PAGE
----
In this week’s Security Ledger Podcast, sponsored by Trusted Computing Group, we’re talking about securing the hardware supply chain. We’re joined by Michael Mattioli, a Vice President at Goldman Sachs who heads up that organization’s hardware supply chain security program.


When we think about cyber threats to the hardware supply chain, we often think about defense contractors making missiles and fighter jets. But these days, hardware supply chain security affects a wide range of companies – not just technology giants like Intel or cloud computing providers like Amazon and Google, but banks and financial services companies, healthcare companies, consumer electronics firms and more. 

Despite media attention to the problem, the awareness of hardware supply chain risks is still low within companies. Tools and talent to address it are hard to find and expensive. What’s a company to do? In this episode of the Podcast we welcome Michael Mattioli into the Security Ledger studio. Michael leads the Hardware Engineering team within Goldman Sachs, where he is responsible for the design and engineering of the firm’s digital experiences and technologies. He is also responsible for the overall strategy and execution of hardware innovation both within the firm and within the broader technology industry.

“Grandma deserves to know that her iPhone is genuine in the way that a corporation deserves to know if their $30,000 server is genuine.”

Michael Mattioli, Goldman Sachs

Michael is the co-author of a paper “Consumer Exposure to Counterfeit Hardware” where he notes that many of the methods used to ensure hardware supply chain integrity are manual and fallible – including visual inspection of installed parts or open source research on sellers. He’s trying to sound the alarm about the threat that hardware supply chain insecurity poses to our entire economy. Michael’s part of a new working group at Trusted Computing Group and the GSA that is working to develop standards based technology and tools to enforce hardware integrity at scale.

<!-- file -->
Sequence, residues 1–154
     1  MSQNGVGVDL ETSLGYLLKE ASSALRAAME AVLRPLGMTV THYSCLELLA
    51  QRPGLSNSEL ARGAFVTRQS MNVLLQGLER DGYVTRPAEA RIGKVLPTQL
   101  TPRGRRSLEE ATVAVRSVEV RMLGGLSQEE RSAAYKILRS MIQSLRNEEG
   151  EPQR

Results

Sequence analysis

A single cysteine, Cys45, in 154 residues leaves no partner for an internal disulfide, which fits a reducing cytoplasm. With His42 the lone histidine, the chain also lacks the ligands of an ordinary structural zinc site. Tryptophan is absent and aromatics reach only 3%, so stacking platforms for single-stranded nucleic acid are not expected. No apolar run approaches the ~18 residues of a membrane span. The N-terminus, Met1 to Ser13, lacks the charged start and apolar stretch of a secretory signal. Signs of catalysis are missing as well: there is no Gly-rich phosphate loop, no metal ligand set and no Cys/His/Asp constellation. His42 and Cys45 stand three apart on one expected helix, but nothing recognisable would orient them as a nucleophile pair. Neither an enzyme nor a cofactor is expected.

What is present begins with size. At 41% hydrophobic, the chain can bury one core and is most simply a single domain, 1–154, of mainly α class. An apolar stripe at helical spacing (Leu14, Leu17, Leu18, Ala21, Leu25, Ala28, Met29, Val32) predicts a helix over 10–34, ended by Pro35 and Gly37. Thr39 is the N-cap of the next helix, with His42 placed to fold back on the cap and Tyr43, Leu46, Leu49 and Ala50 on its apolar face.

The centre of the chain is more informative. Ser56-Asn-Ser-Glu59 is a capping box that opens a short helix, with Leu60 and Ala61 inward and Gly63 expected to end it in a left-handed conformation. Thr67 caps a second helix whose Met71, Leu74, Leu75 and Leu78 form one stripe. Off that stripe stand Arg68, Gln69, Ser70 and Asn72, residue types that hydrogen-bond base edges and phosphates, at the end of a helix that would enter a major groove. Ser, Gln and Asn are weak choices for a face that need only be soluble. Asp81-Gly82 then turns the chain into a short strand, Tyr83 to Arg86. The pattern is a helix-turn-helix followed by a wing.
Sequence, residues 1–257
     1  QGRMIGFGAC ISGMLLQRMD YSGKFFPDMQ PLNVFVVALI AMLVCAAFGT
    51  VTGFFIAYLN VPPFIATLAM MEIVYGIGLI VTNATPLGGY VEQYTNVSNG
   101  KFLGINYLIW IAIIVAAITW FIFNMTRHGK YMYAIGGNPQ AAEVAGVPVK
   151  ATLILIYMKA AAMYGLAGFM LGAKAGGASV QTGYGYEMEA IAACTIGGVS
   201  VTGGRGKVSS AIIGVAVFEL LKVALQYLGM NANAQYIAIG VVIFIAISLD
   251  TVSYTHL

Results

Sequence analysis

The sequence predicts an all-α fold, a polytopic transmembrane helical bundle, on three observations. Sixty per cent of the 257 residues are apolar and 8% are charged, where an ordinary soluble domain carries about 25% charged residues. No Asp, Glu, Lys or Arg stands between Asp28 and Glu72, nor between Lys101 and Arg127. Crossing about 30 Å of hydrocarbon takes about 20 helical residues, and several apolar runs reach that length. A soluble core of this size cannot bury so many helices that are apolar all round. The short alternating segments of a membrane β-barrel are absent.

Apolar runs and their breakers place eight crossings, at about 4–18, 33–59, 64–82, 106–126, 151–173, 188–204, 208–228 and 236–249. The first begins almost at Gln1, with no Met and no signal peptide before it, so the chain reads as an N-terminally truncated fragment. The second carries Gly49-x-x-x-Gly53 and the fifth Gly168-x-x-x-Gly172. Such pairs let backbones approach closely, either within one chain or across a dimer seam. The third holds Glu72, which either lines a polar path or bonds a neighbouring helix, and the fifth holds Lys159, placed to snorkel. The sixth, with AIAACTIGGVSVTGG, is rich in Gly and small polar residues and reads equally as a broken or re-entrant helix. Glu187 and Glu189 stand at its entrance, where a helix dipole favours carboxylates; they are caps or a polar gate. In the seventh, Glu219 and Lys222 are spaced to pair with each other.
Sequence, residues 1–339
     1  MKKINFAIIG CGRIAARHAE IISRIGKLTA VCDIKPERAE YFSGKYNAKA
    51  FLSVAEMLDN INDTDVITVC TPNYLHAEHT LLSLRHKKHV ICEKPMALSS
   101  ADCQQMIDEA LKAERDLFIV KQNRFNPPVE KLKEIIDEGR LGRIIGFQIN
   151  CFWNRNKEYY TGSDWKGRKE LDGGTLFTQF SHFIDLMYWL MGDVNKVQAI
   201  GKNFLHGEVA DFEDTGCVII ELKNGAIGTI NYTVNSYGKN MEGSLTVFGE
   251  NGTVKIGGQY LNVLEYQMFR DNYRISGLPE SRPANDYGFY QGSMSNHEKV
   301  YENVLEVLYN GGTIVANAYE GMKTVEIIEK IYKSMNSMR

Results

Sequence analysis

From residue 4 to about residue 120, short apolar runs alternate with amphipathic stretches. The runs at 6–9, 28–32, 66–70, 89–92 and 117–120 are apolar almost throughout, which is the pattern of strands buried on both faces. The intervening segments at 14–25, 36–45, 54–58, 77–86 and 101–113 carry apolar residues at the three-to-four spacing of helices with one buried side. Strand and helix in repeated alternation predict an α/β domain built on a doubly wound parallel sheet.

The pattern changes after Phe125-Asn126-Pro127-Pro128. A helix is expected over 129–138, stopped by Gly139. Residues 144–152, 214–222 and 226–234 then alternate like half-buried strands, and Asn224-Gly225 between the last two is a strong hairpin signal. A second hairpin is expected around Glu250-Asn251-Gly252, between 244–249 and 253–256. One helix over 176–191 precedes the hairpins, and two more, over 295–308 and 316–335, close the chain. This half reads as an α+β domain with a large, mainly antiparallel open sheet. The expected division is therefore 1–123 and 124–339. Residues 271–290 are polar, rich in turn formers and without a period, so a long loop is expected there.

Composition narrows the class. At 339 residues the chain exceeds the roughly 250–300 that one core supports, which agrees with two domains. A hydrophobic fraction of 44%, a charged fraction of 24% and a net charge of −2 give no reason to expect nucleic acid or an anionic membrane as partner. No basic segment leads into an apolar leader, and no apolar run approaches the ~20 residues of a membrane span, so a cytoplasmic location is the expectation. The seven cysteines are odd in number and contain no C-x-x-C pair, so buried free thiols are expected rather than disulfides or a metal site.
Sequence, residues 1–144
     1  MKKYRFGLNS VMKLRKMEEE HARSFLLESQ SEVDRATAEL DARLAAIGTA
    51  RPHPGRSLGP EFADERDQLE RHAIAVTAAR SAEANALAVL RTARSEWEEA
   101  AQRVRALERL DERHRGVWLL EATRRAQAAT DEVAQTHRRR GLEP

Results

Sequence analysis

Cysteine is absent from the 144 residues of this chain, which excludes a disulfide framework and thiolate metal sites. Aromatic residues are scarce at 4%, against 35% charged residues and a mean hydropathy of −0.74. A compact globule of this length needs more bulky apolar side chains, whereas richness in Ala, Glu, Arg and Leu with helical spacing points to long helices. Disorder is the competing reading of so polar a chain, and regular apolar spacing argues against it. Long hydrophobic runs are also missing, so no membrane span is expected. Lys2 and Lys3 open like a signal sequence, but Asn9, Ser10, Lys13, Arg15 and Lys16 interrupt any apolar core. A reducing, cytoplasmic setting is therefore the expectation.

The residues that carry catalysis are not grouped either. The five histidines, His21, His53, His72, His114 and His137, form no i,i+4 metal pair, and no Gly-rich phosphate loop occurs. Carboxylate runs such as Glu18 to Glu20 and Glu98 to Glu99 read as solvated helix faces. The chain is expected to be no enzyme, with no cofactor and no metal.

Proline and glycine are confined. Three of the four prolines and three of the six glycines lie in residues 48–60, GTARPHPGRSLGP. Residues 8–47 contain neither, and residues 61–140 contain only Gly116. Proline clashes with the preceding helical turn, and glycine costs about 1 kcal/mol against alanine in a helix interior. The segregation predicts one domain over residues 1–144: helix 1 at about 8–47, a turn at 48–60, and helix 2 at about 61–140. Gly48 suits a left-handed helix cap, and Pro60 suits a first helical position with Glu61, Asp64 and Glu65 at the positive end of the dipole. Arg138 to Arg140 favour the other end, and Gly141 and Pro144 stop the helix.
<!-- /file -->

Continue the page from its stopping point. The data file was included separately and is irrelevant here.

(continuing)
In this interview, Michael and I talk about the growing risk of hardware supply chain risk and the need for coordination throughout the industry to address hardware security threats. 

To start off, I asked Michael to describe the work he does at Goldman Sachs and why a financial services company employs a hardware security expert. Goldman Sachs joined the TCG in February as it looks for partners in securing FinTech, where activities like mobile transactions are growing by leaps and bounds.  


(*) Disclosure: This podcast and blog post were sponsored by Trusted Computing Group. For more information on how Security Ledger works with its sponsors and sponsored content on Security Ledger, check out our About Security Ledger page on sponsorships and sponsor relations.

As always,  you can check our full conversation in our latest Security Ledger podcast at Blubrry. You can also listen to it on iTunes and check us out on SoundCloudStitcherRadio Public and more. Also: if you enjoy this podcast, consider signing up to receive it in your email. Just point your web browser to securityledger.com/subscribe to get notified whenever a new podcast is posted. 

Keyboard to the internet

In this Spotlight Podcast, sponsored by The Trusted Computing Group, we speak with Matthew Areno, a Principal Engineer in the Intel Product Assurance and Security (IPAS) group about the fast-changing landscape of cyber threats including attacks on hardware and software supply chains.


It’s funny that one of the most controversial stories about supply chain security, Bloomberg Businessweek’s scoop on “spy chips” on motherboards by the firm Super Micro that infiltrated “more than 30 companies” is remembered less for what it said than the staunch denials it provoked.